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Rethinking health care commercialization: evidence from Malaysia



Against the backdrop of systemic inefficiency in the public health care system and the theoretical claims that markets result in performance and efficiency improvement, developing countries’ governments have been rapidly commercializing health care delivery. This paper seeks to determine whether commercialization through an expansion in private hospitals has led to performance improvements in public hospitals.


Inpatient utilization records of all public hospitals in Peninsular Malaysia over the period 2006–2010 were used in this study. These records were obtained from the Ministry of Health. The study relied on utilization ratios, bed occupancy rates (BOR), bed turnover rates (BTR) and average length of stay (ALOS). The data were analyzed using SPSS 22 Statistical Software and the Pabon Lasso technique.


Over 60 % of public hospitals in Malaysia are inefficient and perform sub-optimally. Average BOR among the public hospitals was 56 % in 2006 and 61 % in 2010. There was excessive BTR of 65 and 73 times within the period. Overall, the ALOS was low, falling from 3.4 days in 2006 to 3.1 days in 2010.


This study demonstrates that commercialization has not led to performance improvements in the public health care sector in Malaysia. The evidence suggests that efforts to improve performance will require a focus directly on public hospitals.


Health care provision is recognized as a social responsibility of governments [1, 2]. However, its provision has increasingly been debated because of inefficiency and underperformance of public hospitals in many parts of the world. Spurred by mainstream economic theories which posit that the market will allocate the service efficiently [3], governments of developing countries have started to rapidly commercialize its provision. This has generated a divergence in efficiency by ownership. Burgeoning public health care expenditure has acted as the prime driver of its commercialization.

Arguments about the effects of commercialization on hospital performance can be contextualized on the basis of ownership structure, i.e. public and private. In this setting, three schools, notably, the public choice theory, property rights theory and the principal agent theory stand out. These theories posit that a change in a hospital’s mission, incentive structure and control mechanism will lead to better performance and efficiency [48]. The theories suggest that commercial entities perform better and are more efficient than the public ones.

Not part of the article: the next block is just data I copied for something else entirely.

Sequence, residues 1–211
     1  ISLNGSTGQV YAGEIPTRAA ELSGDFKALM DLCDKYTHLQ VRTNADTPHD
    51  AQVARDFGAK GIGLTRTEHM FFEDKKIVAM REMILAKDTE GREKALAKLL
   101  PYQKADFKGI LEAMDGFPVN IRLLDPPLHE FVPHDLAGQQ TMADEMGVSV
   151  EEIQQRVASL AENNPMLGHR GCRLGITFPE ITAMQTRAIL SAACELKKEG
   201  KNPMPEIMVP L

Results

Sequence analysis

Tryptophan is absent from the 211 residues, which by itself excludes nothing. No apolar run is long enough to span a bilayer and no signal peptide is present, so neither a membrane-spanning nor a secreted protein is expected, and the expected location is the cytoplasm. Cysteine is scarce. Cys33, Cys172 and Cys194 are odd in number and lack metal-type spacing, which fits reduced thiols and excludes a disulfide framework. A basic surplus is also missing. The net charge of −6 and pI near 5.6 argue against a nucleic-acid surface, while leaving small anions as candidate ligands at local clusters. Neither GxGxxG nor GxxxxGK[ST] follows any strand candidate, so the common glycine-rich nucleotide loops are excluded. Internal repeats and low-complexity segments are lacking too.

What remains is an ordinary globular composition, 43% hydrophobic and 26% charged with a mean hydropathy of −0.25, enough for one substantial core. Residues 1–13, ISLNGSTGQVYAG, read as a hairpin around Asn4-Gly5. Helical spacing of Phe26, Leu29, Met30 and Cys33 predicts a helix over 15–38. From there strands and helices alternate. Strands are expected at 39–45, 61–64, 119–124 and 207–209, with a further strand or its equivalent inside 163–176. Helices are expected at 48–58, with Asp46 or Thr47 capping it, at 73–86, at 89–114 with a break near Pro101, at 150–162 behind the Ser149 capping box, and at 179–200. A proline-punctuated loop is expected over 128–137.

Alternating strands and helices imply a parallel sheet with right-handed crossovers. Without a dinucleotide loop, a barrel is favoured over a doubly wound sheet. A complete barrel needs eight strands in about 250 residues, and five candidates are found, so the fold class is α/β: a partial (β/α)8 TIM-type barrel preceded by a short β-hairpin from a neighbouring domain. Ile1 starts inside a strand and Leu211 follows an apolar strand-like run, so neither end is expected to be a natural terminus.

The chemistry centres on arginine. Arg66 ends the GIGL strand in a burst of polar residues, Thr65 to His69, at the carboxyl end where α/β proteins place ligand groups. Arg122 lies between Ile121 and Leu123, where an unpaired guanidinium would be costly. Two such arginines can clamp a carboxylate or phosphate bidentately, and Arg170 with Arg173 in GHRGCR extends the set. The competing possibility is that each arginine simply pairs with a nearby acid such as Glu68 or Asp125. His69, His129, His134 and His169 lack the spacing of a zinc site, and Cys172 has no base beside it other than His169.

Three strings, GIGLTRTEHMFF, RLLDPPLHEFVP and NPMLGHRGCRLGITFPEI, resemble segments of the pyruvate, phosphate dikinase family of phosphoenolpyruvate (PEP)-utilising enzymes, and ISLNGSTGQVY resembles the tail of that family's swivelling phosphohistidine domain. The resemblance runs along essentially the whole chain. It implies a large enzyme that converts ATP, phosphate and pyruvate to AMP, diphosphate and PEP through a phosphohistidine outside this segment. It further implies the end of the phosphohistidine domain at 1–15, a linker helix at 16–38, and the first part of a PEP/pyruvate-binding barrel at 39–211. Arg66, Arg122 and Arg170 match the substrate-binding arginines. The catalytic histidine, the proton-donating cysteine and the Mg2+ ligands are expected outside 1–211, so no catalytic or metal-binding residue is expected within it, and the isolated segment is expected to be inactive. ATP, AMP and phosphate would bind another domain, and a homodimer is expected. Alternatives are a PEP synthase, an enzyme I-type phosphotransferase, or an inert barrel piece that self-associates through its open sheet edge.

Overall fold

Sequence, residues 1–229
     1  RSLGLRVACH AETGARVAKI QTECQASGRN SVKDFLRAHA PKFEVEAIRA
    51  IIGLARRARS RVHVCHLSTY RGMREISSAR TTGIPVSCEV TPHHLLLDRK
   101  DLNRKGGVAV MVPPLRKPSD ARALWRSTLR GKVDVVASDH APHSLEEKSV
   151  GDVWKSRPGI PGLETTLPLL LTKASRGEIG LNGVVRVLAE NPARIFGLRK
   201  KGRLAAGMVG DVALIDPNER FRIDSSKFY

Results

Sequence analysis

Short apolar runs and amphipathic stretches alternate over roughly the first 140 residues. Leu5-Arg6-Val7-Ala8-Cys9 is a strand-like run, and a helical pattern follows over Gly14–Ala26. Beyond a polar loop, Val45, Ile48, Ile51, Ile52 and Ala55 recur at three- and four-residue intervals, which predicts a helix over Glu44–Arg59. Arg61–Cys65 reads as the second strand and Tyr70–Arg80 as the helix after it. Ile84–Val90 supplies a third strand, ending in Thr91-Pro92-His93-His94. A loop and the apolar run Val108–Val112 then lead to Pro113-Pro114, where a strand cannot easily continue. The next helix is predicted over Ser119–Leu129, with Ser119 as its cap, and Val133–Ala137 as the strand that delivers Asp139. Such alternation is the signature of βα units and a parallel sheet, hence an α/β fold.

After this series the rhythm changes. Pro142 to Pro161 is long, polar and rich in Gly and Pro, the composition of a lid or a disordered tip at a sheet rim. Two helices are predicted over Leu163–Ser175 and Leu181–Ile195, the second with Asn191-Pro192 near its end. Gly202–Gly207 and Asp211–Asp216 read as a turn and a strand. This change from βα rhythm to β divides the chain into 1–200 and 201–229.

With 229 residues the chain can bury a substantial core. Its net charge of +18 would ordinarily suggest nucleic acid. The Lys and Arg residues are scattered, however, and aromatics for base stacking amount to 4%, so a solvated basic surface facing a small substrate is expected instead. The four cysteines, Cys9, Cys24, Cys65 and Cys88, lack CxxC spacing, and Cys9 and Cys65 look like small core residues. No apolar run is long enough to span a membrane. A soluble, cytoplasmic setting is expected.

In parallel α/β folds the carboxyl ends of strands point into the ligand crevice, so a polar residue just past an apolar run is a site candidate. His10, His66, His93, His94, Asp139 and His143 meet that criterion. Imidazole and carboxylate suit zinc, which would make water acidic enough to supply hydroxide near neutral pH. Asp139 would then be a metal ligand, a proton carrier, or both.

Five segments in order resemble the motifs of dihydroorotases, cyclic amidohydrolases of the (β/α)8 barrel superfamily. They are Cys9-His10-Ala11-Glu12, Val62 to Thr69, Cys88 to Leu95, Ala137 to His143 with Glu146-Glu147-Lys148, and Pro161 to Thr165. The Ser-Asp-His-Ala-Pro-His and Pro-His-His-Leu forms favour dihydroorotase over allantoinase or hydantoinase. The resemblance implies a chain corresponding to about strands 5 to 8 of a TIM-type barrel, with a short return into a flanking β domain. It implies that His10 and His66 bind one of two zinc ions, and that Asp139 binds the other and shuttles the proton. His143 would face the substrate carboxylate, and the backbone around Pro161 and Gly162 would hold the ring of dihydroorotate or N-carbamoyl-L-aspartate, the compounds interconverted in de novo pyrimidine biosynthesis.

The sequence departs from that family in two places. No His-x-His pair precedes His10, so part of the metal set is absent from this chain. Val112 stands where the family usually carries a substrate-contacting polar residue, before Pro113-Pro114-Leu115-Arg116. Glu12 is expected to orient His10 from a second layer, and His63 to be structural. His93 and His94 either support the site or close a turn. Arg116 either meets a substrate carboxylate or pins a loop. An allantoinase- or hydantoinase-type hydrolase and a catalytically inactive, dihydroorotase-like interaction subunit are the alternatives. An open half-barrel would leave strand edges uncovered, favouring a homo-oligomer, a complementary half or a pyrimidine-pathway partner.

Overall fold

The conceptual analyses of the performance of both sectors have also emerged from the institutional perspective based on ownership structure characteristics. These studies, however, report mixed findings. Berendes and colleagues, analyzed technical quality and responsiveness of ambulatory care services rendered by both ownerships in the developing countries [9]. In their meta-analysis of 80 studies comparing their performances, the authors conclude that in terms of responsiveness, the private sector seems to perform better, but there are no significant differences in technical quality provided by the sectors.

Similarly, Montagu et al. [10] focusing on clinical outcomes, in another meta-analysis identified 21 studies that compared both sectors. There were no statistical differences reported in the meta-analysis of death rates. Indeed the clinical services offered by both sectors are equivalent. A recent review undertaken by Basu and colleagues included the 6 thematic framework outlined in the World Health Report 2000 [11]. The review identified 59 empirical studies and 13 meta-analyses. They found evidence of higher responsiveness, over-treatments and high patient charges in the private health care sector.

Other studies arrived at similar conclusions. For example, higher rates of unneeded procedures, most especially, cesarean operations, as well as higher prescription drug costs have been widely reported across the private hospital sector [1219]. Results from countrywide comparative studies are not different either. In South Africa, it was reported that over half of women undergoing antenatal care and giving birth in private health care facilities had to undergo cesarean operations in comparison with less than 20 % in the public sector [13]. Similarly, in China, [20] as well as Malaysia [21], the commercialization of health care has sparked an increase in out-of-pocket spending.